Phone swabs were inoculated onto two blood agar plates (Columbia agar containing horse blood; Oxoid, Basingstoke, UK) and incubated, one aerobically and one anaerobically, at 37°C for 48 h. Plates were examined daily and any microorganisms present were identified using standard laboratory procedures. Selected organisms were identified by Vitek 2 using GPI, GNI or ANC cards (Biomerieux, Marcy L’Etoile, France) or the yeast Auxacolor 2 kit (BioRad, Hercules, CA, USA).
Nasal swabs were inoculated onto mannitol salt agar (Oxoid) and incubated at 37°C for 48 h. Plates were examined daily and suspect colonies were subcultured onto blood agar. Isolates were confirmed as S. aureus using the Microscreen Staph Latex kit (Microgen, Camberley, UK). Methicillin susceptibility was determined using an oxacillin strip (Mast Diagnostics, Bootle, UK) against a 0.5 MacFarland inoculum on Mueller–Hinton agar (Oxoid). MRSA-positive isolates were stored for further sensitivity testing, phage typing and genotyping at the Scottish MRSA reference laboratory (Glasgow, UK).
Questionnaire responses were transferred to a Microsoft Excel™ worksheet and statistical analysis was performed at the Epidemiology and Statistics Core, Wellcome Trust Clinical Research Facility, University of Edinburgh, Edinburgh.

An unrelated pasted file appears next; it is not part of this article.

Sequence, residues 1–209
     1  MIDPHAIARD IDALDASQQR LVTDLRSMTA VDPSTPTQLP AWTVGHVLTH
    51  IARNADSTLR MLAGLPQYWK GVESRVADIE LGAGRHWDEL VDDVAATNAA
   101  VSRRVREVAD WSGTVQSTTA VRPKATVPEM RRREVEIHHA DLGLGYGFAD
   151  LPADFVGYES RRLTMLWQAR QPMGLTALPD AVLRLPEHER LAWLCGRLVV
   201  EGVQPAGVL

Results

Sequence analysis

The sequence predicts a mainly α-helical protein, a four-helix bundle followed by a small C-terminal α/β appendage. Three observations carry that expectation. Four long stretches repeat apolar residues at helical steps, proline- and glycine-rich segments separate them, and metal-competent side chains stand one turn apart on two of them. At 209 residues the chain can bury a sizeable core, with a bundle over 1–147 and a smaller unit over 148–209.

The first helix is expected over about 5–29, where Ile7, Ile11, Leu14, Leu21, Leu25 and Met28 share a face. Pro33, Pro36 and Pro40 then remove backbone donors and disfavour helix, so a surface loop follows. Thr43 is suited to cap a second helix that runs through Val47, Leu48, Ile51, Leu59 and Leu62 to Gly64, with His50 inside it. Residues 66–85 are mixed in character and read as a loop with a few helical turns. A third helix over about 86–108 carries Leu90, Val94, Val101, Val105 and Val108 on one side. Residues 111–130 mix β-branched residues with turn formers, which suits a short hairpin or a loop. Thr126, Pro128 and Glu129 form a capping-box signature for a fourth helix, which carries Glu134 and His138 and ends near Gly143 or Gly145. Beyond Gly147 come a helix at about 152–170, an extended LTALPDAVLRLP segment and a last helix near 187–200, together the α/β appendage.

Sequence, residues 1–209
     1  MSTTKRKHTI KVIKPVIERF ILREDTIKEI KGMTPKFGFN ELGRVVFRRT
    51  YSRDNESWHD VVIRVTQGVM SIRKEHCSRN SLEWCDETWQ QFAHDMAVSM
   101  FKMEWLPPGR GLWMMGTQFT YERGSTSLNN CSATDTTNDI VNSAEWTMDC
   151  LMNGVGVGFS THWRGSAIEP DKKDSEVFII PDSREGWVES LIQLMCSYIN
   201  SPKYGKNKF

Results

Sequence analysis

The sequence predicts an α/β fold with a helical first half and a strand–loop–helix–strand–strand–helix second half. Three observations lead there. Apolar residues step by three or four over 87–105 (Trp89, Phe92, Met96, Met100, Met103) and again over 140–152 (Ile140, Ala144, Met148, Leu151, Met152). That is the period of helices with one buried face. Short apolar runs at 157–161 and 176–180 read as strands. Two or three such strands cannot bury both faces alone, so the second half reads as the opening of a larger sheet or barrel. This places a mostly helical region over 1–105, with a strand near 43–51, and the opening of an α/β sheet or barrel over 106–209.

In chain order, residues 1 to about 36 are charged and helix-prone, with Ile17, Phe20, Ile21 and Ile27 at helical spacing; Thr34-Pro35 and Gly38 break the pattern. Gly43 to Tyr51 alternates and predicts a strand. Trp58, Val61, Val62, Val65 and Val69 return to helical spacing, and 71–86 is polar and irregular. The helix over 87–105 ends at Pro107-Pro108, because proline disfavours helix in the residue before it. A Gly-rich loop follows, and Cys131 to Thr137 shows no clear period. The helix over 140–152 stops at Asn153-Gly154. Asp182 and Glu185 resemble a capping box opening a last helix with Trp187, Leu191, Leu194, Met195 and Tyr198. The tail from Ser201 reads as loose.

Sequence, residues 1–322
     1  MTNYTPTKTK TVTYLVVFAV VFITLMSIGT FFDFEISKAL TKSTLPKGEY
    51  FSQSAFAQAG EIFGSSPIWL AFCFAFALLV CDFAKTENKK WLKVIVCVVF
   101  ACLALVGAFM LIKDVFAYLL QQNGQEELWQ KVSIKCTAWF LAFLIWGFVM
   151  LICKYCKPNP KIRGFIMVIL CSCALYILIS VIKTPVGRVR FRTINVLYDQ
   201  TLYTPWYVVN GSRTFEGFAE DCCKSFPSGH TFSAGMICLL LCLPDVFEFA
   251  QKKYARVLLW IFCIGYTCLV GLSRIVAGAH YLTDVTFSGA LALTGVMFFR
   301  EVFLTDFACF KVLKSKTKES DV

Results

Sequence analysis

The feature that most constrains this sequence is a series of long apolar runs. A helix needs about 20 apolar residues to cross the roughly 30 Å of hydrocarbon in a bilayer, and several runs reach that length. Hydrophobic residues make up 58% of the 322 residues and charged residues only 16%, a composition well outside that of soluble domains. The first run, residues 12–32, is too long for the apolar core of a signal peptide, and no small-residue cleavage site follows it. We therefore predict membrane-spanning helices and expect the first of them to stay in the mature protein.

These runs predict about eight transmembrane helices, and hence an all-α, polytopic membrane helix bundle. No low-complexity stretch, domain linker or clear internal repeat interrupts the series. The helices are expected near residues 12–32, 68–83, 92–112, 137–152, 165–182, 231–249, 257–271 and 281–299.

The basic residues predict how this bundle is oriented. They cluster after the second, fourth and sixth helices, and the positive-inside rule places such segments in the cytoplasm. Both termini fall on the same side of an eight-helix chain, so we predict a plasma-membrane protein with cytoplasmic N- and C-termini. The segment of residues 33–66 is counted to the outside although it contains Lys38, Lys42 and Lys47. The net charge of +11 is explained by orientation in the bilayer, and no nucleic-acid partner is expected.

Differences in proportions were examined using a binomial test for the comparison of proportions while associations in categorical data were examined using chi-square and chi-square test for trend (presented as Fishers exact test as appropriate due to small samples).
Ethical approval and permissions for the above studies were obtained from the Lothian Regional Ethics Committee (10-S1102-36) and Lothian NHS Research and Development Office.
One hundred and seventy-five inpatients were approached for inclusion in the study, of whom, 145 (82.9%) agreed to participate (29 refused; one patient was unable to communicate). One hundred and two (70.3%) patients who completed questionnaires also provided a mobile phone for bacteriological sampling and underwent nasal sampling.
Demographics of study population and possession of mobile phone
Twenty-seven (18.6%) patients did not own a mobile phone. Ninety-eight (67.6%) patients owned one mobile phone, 16 (11.0 %) patients owned two mobile phones and four patients (2.8%) owned three or more mobile phones. One hundred and two (86.4%) of those patients who owned a phone brought it into hospital.